Debbie and I connected over e-mail; she has a full calendar of conferences leading up to the confab. However, we found a lot of common ground in tackling our questions!

Our hopes for outcomes of the confab related to our backgrounds and work
Debbie: I have been focusing on community engagement in my studies. In my work, I am a library director in a small academic library. I see that libraries are changing dramatically as journalism, banks, higher education, etc all are. Both journalist and librarians are format neutral. I want to come away with ideas that we can work together to adapt to the needs of the future for our communities. Both librarians and journalists are concerned with researching, evaluating and distilling information. It would be a dramatic loss if we lost that.
Jordan: Our research at UW related to public access computer use and training in libraries encompasses the consumption of local news stories as a component of civic engagement. In my own research, I am also using Bonnie Nardi’s framework of the public library as an “information ecology,” meaning the richness of information exchange in the library is facilitated by its space, people and resources. With regard to these research areas, I would like to take away a better understanding of the consumption of news within libraries and how librarians can help citizens to inform themselves. Furthermore, I am interested in the role library digital literacy programs and public access computing can have on participation in and creation of citizen journalism, testimonials, and impact statements related to local issues.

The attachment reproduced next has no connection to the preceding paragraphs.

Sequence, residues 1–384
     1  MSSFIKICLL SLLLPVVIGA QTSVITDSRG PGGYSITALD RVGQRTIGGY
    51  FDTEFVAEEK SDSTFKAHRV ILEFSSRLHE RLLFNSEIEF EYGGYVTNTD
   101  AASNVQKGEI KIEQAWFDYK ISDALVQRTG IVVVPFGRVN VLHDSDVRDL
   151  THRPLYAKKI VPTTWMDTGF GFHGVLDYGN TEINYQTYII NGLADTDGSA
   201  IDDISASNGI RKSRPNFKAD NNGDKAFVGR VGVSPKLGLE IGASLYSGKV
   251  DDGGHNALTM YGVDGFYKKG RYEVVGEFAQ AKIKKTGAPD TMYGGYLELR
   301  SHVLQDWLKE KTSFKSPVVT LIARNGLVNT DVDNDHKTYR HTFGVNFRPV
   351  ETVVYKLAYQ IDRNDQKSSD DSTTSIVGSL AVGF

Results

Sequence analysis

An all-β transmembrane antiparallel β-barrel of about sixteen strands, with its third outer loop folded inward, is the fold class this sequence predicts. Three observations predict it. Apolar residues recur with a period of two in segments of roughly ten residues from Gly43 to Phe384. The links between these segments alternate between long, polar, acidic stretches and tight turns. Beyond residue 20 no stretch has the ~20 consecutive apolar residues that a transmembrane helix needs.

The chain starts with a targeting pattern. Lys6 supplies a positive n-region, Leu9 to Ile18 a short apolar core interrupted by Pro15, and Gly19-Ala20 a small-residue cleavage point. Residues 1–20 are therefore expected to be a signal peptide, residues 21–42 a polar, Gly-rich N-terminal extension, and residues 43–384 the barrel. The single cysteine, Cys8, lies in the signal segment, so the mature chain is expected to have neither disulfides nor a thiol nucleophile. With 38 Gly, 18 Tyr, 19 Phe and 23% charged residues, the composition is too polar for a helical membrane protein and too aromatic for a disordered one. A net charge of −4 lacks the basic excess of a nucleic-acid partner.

What is the common ground between journalism and librarianship?
Debbie: Both groups provide information to the community and have similar values. Both have interests in collaborating with, disseminating and evaluating information that comes from the government.